charms of the beau sexe, for the calotte.They chased from Sir Walter Raleigh, to make room
speak of introducing steam carriages, in imitafor Protestant English settlers.”
Paris, June 9.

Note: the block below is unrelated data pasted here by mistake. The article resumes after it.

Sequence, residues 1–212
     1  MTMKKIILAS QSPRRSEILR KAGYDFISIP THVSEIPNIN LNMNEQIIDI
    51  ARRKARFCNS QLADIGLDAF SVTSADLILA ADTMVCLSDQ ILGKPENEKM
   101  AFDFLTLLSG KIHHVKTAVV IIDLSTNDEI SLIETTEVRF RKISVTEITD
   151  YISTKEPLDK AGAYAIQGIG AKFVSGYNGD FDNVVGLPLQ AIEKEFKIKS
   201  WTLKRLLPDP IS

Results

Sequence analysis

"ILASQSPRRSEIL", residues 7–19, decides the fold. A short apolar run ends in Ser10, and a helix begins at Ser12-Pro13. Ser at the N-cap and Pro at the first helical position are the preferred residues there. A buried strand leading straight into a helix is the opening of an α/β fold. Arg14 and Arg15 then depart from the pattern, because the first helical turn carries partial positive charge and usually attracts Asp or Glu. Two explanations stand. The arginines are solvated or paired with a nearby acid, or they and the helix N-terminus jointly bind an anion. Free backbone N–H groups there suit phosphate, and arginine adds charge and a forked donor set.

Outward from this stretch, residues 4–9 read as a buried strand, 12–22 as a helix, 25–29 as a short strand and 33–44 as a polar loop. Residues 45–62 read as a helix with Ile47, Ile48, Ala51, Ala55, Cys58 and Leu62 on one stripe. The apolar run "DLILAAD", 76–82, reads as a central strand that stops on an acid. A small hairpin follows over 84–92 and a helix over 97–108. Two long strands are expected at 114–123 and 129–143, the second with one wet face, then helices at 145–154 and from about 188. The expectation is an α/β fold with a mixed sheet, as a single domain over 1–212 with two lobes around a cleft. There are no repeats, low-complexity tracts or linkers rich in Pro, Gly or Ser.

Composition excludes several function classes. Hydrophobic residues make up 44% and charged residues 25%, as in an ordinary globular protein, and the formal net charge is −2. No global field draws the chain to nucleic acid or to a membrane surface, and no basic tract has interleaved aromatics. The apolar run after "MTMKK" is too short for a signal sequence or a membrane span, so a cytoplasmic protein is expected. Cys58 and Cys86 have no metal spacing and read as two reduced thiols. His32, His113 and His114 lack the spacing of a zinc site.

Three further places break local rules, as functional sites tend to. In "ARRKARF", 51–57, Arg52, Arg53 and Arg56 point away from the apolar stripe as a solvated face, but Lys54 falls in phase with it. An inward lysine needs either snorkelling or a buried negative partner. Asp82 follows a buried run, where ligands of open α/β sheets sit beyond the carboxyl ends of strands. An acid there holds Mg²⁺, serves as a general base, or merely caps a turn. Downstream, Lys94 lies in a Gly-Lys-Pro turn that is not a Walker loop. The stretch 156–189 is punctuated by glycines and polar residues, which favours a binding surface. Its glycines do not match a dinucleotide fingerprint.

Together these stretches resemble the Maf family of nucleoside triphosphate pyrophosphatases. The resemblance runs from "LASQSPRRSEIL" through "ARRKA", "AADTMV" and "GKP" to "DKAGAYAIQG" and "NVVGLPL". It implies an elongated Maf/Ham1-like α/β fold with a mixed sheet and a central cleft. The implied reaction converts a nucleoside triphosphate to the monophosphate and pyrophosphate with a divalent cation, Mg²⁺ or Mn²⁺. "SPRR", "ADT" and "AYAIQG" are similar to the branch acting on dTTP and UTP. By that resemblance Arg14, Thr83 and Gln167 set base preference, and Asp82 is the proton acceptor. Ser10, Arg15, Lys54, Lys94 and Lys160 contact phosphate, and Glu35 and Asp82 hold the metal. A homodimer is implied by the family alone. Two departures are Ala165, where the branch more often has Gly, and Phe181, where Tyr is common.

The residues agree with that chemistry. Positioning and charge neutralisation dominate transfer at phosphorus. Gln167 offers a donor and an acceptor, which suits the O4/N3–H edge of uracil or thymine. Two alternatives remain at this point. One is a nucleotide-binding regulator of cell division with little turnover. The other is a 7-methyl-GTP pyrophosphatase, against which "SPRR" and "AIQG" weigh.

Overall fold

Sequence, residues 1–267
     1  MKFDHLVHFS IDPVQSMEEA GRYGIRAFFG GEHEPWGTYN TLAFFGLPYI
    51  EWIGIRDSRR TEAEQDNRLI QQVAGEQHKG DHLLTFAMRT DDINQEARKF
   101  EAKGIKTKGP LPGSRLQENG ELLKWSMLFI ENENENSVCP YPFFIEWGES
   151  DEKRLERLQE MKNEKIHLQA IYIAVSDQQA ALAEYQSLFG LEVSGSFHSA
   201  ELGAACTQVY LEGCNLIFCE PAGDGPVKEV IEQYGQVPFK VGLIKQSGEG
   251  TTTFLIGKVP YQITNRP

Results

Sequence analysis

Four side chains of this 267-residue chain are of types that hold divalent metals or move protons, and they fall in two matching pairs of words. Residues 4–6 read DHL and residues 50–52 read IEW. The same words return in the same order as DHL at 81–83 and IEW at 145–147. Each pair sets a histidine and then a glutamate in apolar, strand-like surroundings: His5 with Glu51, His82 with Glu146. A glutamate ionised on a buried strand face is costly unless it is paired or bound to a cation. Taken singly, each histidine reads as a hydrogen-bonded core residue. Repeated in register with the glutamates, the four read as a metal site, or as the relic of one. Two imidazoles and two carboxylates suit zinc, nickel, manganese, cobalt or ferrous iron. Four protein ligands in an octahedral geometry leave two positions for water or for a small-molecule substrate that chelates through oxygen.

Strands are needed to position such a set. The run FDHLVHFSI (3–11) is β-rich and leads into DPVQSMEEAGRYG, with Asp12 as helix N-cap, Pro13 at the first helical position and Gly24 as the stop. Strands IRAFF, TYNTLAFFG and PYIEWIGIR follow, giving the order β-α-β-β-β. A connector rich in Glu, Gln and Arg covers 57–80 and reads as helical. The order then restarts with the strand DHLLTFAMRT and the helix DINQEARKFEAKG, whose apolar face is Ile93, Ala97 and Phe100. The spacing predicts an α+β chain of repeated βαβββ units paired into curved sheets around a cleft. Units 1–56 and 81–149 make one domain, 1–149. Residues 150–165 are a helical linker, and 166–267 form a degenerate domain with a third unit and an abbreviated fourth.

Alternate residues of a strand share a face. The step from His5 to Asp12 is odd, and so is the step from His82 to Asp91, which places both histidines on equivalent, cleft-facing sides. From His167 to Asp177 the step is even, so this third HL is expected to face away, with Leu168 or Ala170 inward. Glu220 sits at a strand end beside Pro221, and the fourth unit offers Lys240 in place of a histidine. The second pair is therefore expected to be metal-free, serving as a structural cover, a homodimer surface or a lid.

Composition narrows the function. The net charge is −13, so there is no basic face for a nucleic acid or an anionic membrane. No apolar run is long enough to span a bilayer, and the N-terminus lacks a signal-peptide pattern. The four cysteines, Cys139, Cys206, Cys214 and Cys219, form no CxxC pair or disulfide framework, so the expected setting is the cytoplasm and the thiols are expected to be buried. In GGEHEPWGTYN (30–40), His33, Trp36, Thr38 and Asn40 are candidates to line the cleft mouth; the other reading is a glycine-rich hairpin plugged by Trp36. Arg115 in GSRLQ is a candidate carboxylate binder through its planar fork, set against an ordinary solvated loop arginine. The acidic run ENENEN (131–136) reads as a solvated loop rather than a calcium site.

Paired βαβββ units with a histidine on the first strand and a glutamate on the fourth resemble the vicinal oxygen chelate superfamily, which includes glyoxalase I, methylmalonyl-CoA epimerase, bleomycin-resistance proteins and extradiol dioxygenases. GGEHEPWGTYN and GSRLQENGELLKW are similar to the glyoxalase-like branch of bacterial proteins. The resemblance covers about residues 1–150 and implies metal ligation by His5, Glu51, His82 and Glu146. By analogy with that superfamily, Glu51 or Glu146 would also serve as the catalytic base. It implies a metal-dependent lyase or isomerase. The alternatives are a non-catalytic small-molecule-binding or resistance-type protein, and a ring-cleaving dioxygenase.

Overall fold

tion of English experiments ; so that travelling, “ Londonderry, Marquess. Stewart.-The WILLIAM TELL, at Le Théâtre de Gaieté, like la médecine, will be effected à force d'eau history of this family is curious, and merits is attracting immense houses, and producing chaude. French ladies say they are already particular notice. The real name is Gregor, strong political sensations. Pocket handker- sufficiently infected with English vapours ! the first of whom, who figured in Ireland, was chiefs are waved in all directions. This melo- If we calculate the faithful of this metropolis one Rob Gregor, a Scotch pedlar, who had drame of Mr. Pixérécourt, with the words “ la by the numbers of those who swell the ranks been in the practice of trading to the county patrie” and “ la liberté,” (the signals for loud of religious processions, Paris is indeed a chosen Down, in cast clothes ; but having, in a broil acclamations) carries all before it. After wit- city, as for some hours yesterday its inhabitants at the fair of Dumbarton, knocked out a man's nessing it the other night, I was not a little seemed inspired with one spirit of devotion ; eye, he fled his country altogether, and became glad to quit the heated and suffocating sphere and every street was transformed into a temple a pack-carrier through Ulster, in the service of the theatre to breathe the fresh air of the of praise. Honi soit qui mal y pense. Thoughts, of one Robinson, a shopkeeper in Newtown boulevards, which looked like a world of moving however, force their way against the will_and Ards, with whom, heretofore, he used to do lights, owing to the rapidity of equipages driv- mine, I own, were little charitable ; for, nothis little traffic on his own account. After a ing in every direction. As I walked home, I withstanding appearances, the supposition came while, Robinson died childless, leaving his shop had an opportunity of witnessing those scenes into my mind, What would be the fate of this and a bishop's lease of a couple score pounds which, because they are real, excite little com- belle ville, if, like Sodom and Gomorrah, its a-year value, to his widow, who married Rob. miseration : misfortune contrasted with luxury safety should depend on finding seven righte. They had a son bred to the father's and mo- met my eyes at every step. Here lay an un- ous men? The resolving of the problem I ther's business, who grew up, and, in process fortunate child, fast asleep in the dust; there, a leave to wiser heads; and, en attendant, hope of time, paid his addresses to a girl of New. poor wretch packing together mouldy crusts she that good may exist otherwise than in long town Ards, of the name of Orr, a kind of had collected during the day, herself inspiring faces, knit eyebrows, stately walk, grave mien, mantna-maker, to whom the youth was at- disgust; farther on, an old man, pale and gloomy countenances, fine phrases, and amens. tracted by a prospect she was said to have worn down, playing on a violin as a last effort The King, the Duchesses d'Angoulême and from a man of the name of Stewart, her ma-to excite pity from the passers by. In fact, de Berri, walked on foot, as is customary at ternal uncle, who had been gone some years the streets of Paris are a crève-c«ur: turn the fête Dieu, from the chapel of St. Germain to seek his fortune in India, where, report which way one will, the slightest enjoyment is l'Auxerrois to St. Thomas de Louvres, presaid, he had been successful; and who, at length, ever counterbalanced by the sight of human ceded by priests, bishops, archbishops, young died abroad, and left his niece a considerable suffering, and the degradation of our species. virgins, and military--for bayonets are necesproperty, so much beyond Gregor's anticipa- A revolution has been threatened in the sary evils on all occasions, and cannot be distion that he even wanted assurance to con- republic of letters ever since the arrival of pensed with, even when guarded by the bon tinue his suit. The true-hearted girl ex- English actors: the epoch is favourable, still Dieu, of which an archbishop was the bearer, pressed to a mutual friend her surprise and I fear qu'on l'attendra long-tems ; as those as being the purest of the congregation. Whatregret at her lover's absence, in terms which who hold the reins of dramatic government ever may be our ideas or prejudices with remodesty did not forbid, nor could decorum will make every effort to prevent innovations. gard to ceremonies which certainly savour